Generic drugs-Damned if you use and damned if you don’t: A well meaning movie actor in a popular show had suggested that doctors shift to generic drugs in the interest of the patient. The idea being that generic drugs are a whole lot cheaper. His intentions are well appreciated but let’s get some facts right. There is a huge margin between the cost price of the generic drug and the printed maximum retail price. This mismatch can be easily detected if one were to buy the same drug from a regular drug store and a store run by some welfare oriented NGO. This disparity militates against the idea of generic drugs being cheaper. Added to that, there are a good number of studies to suggest that the generic drugs are less efficacious than the original molecule. This puts the doctor into a delicate situation. Must he/she prescribe a drug with proven efficacy but higher cost  or use a cheaper (supposedly) drug with dubious efficacy and face criticism from patient for providing sub standard treatment.


Trials and tribulations: Jerome K Jerome in his book “Three men in a boat” wrote about three friends who go out on an adventure trip on a boat. When they try washing their clothes in the river, they realise to their chagrin that it was the river and not their clothes which got cleaner by their efforts, for the dirt in the river was now on their clothes. A doctor is faced with a similar situation while treating their patients. The principle of “First do no harm” must always be in their mind. So how do we protect the patient’s interest? How do we keep our patients from being harmed? By keeping ourselves updated and judiciously applying the knowledge thus garnered would be a politically correct answer. For recent developments, we look up to journals for guidance. The catch here is that in certain situations a clinical trial published in the journal would swear by a particular therapy only to be rubbished by another trial! And then there are some trials which leave themselves open to interpretation in so many ways that the doctor feels like he/she is walking through a veritable maze. In fact it is said that if you torture data, it would confess to almost anything!  In situations where the conclusions are inconclusive, the doctors are compelled to just do nothing, a predicament which is euphemistically termed as “Masterly inactivity”! And we doctors have to actually assimilate these trials and apply them in the best interest of the patient! Facing a firing squad would be a more joyous activity compared to this.   So every time a patient asks us, what is the best option, the candid answer should be, “Don’t ask me mate, for I am clueless!” .But what a doctor would most probably say would be, “Sir/madam, the choice is for you to make, I can only give you options.”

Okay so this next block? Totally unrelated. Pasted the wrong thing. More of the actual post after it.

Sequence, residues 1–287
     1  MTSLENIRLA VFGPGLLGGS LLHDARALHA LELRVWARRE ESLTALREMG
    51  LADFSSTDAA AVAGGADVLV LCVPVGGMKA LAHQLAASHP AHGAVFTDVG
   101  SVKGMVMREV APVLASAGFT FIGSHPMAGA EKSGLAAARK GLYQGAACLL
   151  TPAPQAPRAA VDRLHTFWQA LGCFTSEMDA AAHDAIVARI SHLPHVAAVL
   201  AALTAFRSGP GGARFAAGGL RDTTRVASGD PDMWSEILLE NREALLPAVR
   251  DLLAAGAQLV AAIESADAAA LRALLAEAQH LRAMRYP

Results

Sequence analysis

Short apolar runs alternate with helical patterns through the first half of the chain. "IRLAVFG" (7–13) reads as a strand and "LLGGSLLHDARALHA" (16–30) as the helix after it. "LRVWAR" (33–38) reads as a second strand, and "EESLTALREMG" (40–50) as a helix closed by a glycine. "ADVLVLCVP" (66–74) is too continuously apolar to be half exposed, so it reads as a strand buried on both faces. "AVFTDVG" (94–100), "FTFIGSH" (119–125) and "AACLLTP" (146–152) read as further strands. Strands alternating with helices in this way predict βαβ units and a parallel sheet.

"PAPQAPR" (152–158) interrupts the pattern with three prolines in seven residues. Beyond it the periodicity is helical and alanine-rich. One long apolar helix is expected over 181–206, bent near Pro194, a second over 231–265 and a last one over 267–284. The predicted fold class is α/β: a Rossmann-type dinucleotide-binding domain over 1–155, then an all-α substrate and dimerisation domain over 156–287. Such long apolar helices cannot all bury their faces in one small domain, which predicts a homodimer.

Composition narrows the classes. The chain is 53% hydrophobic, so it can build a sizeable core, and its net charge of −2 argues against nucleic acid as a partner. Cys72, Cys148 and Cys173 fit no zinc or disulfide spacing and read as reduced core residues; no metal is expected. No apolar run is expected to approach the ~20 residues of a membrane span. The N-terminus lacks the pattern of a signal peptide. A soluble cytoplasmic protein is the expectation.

Of brickbats and bouquets: Life for a doctor can be very fickle. Patients can be profusely grateful or abjectly thankless. Early in the career doctors can be easily be affected by both positive and negative emotions of the patients but as one goes along, one realises that both the good and bad have to be taken within ones stride.  I once came across a patient who had poorly controlled diabetes for the past 20 years. As a result he had severe vision loss. When I broke the news about the condition, his first query was, “So how quickly can you correct my vision?” When I told him that visual recovery may not be possible, he became irate and said, “I will throw as much money as you want at your face, Stop being pricy and get on with your job.” When i reiterated my inability to do so he turned violent and I was rescued thanks to some good natured people. As a person, I could chide him for his prolonged negligence of health and his vanity regarding money but as a doctor I must understand the scary prospect he faced of a life devoid of good vision. This fear transforms into aggression for which doctors become easy targets. Sometimes I respond to such patients as a normal person and sometimes I try to be understanding and respond as a doctor. What irks the doctors most is when irresponsible generalisations are made to suggest that doctors are blood thirsty and greedy for money. Adjectives like “botched surgeries”, “killer doctors” used in media with little justification piques doctors but must be accepted with a sense of resignation as an occupational hazard. Sometimes such negative campaign in the media can assume funny overtones. In one such instance a newspaper ran the headline,” Chennai girl gets rupees 1.8 crores compensation for botched eye surgery” (New Indian Express 2nd July 2015). There was a minor anomaly in the headline. The girl had never undergone an eye surgery! The girl had lost her vision because the paediatrician had not referred her to the ophthalmologist at the correct juncture. And when the girl was finally referred, the eye condition was beyond surgical redemption. So much for a botched surgery!
To summarise people aspiring to be doctors must have reasons beyond financial success. As a teacher of mine once said, “Every doctor will have his bread and butter but only the lucky few will be fortunate enough to have the jam too!” Listening to the patient and giving them the greatest priority helps. That clears up the maze which the medical science can sometimes be. Practising medicine like everything else in life is all about perspectives. The same situation can be perceived and hence approached/managed in different ways. There are no dogmatic principles. What is paramount is that the patients get the best possible outcome. And most importantly, we doctors must learn to act as our conscience dictates without fear or favour. I end by reminding all my fellow doctors as well as those who aspire to be one in the future, the immortal quote made by Sir Robert Hutchison

‘From inability to let well alone
From too much zeal for the new and contempt for what is old
From putting knowledge before wisdom, science before art, and
Cleverness before common sense;
From treating patients as cases;
And from making the cure of the disease more grievous than the
Endurance of the same, Good Lord, deliver us.’

 

TK

 

 

Dr. Krishnan is a Vitreo-retinal consultant at Neoretina, Hyderabad.